Diastolic heart failure (HF), the prevalence of which is gradually increasing, is associated with cardiovascular (CV) morbidity and mortality in the general population and, more specifically, in patients with end-stage renal disease (ESRD). However, the impact of diastolic dysfunction on CV outcomes has not been studied in incident dialysis patients with preserved systolic function.
This prospective observational cohort study investigates the clinical consequence of diastolic dysfunction and the predictive power of diastolic echocardiographic parameters for CV events in 194 incident ESRD patients with normal or near normal systolic function, who started dialysis between July 2008 and August 2012.
During a mean follow-up duration of 27.2 months, 57 patients (29.4%) experienced CV events. Compared to the CV event-free group, patients with CV events had a significantly higher left ventricular (LV) mass index, ratio of early mitral flow velocity (E) to early mitral annulus velocity (E’) (E/E’), LA volume index (LAVI), deceleration time, and right ventricular systolic pressure, and a significantly lower LV ejection fraction and E’. In multivariate Cox proportional hazard analysis, E/E’>15 and LAVI>32 mL/m2 significantly predicted CV events (E/E’>15: hazard ratio [HR] = 5.40, 95% confidence interval [CI] = 2.73–10.70, P< .001; LAVI>32 mL/m2: HR = 5.56, 95% CI = 2.28–13.59, P< .001]. Kaplan-Meier analysis revealed that patients with both E/E’>15 and LAVI>32mL/m2 had the worst CV outcomes.
Citation: Han JH, Han JS, Kim EJ, Doh FM, Koo HM, Kim CH, et al. (2015) Diastolic Dysfunction Is an Independent Predictor of Cardiovascular Events in Incident Dialysis Patients with Preserved Systolic Function. PLoS ONE 10(3): e0118694. https://doi.org/10.1371/journal.pone.0118694
Academic Editor: Paolo Fiorina, Children’s Hospital Boston/Harvard Medical School, UNITED STATES
Received: July 9, 2014; Accepted: January 23, 2015; Published: March 4, 2015
Copyright: © 2015 Han et al. This is an open access article distributed under the terms of the Creative Commons Attribution License, which permits unrestricted use, distribution, and reproduction in any medium, provided the original author and source are credited
Data Availability: All relevant data are within the paper and its Supporting Information files.
Funding: This work was supported by the Brain Korea 21 PLUS Project for Medical Science, Yonsei University College of Medicine, and a grant of the Korea Healthcare Technology R&D Project, Ministry of Health and Welfare, Republic of Korea (HI10C2020). The funders had no role in study design, data collection and analysis, decision to publish, or preparation of the manuscript.
Competing interests: The authors have declared that no competing interests exist.
Abbreviations: LV, left ventricle; CV, cardiovascular
Diastolic heart failure (HF) is defined by the signs and symptoms of heart failure, along with left ventricular (LV) diastolic dysfunction and normal or mildly impaired LV systolic function.[1,2] A number of previous studies have shown that diastolic HF accounts for one-third to half of the cases of HF in the general population, and its prevalence is steadily increasing.[3–5] In addition, Redfield et al. have shown that diastolic HF was even more common than HF with reduced ejection fraction (EF). Patients with diastolic HF were also found to have significantly higher morbidity and mortality compared to the general population.[5–7] Moreover, the clinical outcomes of patients with diastolic HF were shown to be comparable with those of HF patients with reduced systolic function.[4,8]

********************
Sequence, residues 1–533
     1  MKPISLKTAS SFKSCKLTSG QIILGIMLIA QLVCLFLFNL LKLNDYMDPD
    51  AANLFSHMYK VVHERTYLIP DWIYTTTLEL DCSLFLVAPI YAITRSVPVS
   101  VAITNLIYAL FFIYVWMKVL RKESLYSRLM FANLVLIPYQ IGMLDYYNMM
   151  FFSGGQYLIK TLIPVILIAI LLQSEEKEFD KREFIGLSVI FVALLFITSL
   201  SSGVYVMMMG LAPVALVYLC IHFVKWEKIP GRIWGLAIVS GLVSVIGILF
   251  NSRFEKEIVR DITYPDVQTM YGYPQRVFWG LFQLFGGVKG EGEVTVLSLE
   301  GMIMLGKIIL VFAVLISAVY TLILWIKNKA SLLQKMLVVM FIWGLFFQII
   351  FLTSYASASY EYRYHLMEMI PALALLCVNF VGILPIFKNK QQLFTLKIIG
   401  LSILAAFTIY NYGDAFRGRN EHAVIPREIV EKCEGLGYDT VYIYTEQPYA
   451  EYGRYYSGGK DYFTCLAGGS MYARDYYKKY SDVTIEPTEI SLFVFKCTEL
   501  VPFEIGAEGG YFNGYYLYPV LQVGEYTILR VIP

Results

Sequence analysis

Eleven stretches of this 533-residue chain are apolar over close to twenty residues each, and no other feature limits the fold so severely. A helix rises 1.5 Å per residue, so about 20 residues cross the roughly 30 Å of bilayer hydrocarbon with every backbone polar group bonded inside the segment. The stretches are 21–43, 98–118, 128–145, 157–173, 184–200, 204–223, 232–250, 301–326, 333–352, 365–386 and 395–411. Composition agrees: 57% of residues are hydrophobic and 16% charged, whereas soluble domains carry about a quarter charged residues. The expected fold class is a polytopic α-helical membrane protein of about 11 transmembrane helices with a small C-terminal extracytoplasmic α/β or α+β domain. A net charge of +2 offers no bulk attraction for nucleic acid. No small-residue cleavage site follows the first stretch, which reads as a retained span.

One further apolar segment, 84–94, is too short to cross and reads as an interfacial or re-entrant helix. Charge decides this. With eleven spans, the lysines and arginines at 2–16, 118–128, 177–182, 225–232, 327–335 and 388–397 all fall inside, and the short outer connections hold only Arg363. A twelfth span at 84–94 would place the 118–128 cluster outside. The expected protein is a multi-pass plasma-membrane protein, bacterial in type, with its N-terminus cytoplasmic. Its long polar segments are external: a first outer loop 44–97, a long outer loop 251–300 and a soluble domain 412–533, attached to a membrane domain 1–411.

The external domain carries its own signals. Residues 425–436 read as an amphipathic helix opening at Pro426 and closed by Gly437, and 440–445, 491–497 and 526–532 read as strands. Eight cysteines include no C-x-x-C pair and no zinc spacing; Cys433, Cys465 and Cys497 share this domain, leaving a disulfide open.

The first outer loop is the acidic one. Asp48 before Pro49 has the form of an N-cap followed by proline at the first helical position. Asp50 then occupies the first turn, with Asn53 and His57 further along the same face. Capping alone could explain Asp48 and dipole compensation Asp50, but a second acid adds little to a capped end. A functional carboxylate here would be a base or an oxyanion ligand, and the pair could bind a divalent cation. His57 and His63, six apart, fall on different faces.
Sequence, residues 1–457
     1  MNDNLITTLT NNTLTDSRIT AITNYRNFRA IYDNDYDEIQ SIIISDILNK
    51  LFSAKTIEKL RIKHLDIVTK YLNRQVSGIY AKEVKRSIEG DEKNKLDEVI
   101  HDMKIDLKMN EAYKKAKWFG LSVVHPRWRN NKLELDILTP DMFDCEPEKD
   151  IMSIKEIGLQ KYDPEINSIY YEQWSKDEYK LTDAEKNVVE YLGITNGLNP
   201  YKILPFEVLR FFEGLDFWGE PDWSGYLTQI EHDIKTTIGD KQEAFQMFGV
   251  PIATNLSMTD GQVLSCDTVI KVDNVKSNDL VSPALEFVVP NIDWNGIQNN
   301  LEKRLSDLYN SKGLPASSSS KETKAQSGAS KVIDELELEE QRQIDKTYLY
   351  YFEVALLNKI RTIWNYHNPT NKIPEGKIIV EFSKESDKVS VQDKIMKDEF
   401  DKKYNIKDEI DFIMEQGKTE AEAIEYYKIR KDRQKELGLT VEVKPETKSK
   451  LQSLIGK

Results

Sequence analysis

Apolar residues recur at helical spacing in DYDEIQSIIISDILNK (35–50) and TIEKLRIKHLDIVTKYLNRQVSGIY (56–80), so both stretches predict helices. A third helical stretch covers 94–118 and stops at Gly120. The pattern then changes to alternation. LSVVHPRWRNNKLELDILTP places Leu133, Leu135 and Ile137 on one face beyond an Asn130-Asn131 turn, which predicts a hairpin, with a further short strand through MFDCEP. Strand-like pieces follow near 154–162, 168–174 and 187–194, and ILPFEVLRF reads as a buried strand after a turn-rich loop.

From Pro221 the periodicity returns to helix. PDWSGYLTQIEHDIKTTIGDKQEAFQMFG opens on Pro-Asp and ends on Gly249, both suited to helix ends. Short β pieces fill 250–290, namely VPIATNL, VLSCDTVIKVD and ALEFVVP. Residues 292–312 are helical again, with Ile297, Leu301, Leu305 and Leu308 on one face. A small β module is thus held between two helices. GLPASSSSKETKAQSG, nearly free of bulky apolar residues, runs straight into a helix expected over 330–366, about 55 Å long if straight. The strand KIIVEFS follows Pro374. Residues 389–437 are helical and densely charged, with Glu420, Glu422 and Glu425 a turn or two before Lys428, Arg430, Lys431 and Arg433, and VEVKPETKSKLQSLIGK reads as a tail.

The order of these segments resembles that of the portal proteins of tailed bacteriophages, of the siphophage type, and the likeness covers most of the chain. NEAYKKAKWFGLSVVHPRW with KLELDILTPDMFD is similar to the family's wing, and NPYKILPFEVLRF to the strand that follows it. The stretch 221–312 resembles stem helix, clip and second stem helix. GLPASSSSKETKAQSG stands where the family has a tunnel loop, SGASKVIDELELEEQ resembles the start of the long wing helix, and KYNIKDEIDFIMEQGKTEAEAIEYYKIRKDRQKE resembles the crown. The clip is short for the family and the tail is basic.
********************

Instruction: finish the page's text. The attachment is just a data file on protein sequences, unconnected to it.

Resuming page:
Several conditions that are prevalent in patients with end-stage renal disease (ESRD)—such as hypertension, diabetes mellitus (DM), coronary artery disease, and anemia—are known to be implicated in the pathogenesis of diastolic dysfunction. In ESRD patients, chronic volume overload, oxidative stress, inflammation, and abnormal mineral metabolism have been shown to contribute to the development of diastolic dysfunction.[9–11] Thus, diastolic dysfunction and left ventricular hypertrophy (LVH) are the most common echocardiographic findings in patients with ESRD.
Diastolic dysfunction can be diagnosed by Doppler echocardiography. Echocardiography is a commonly used to confirm cardiovascular risk and to guide treatment in ESRD patients on dialysis. Earlier studies on LV mass index (LVMI), LVEF, and LV chamber volume have provided valuable information on these patients. Recent studies have shown that diastolic dysfunction, defined as the increased ratio of early mitral flow velocity (E) to early mitral annulus velocity (E’) (E/E’) and/or high left atrium (LA) volume index (LAVI), is also an independent predictor of mortality in chronic dialysis patients.[13,14] However, the impact of diastolic dysfunction on clinical outcomes has rarely been investigated in new ESRD patients starting dialysis. Furthermore, the potential association in this population between diastolic dysfunction with preserved LV systolic function and poor cardiovascular outcomes has not been previously investigated.
Therefore, in the present study, we aimed to determine the clinical consequences of diastolic dysfunction and the echocardiographic parameters of diastolic dysfunction that can be used to significantly predict cardiovascular events in incident dialysis patients with preserved LV systolic function.
For this prospective observational cohort study, we initially recruited 293 patients who started hemodialysis (HD) or peritoneal dialysis (PD) at the Yonsei University Health System, Seoul, Korea, between July 2008 and August 2012. We excluded 24 patients who did not undergo echocardiography due to noncompliance or other personal reasons. Of the remaining 269 patients, 75 patients were excluded for the following reasons: previous history of cardiac surgery (n = 6) or kidney transplantation (n = 16), moderate to severe valvular heart disease (n = 9), active infection (n = 8), active malignancy (n = 5), and follow-up duration of less than 3 months (n = 6). In addition, 25 patients with LV systolic dysfunction (EF<50%) were also excluded. Thus, a total of 194 patients were included in the final analysis (S1 Fig.).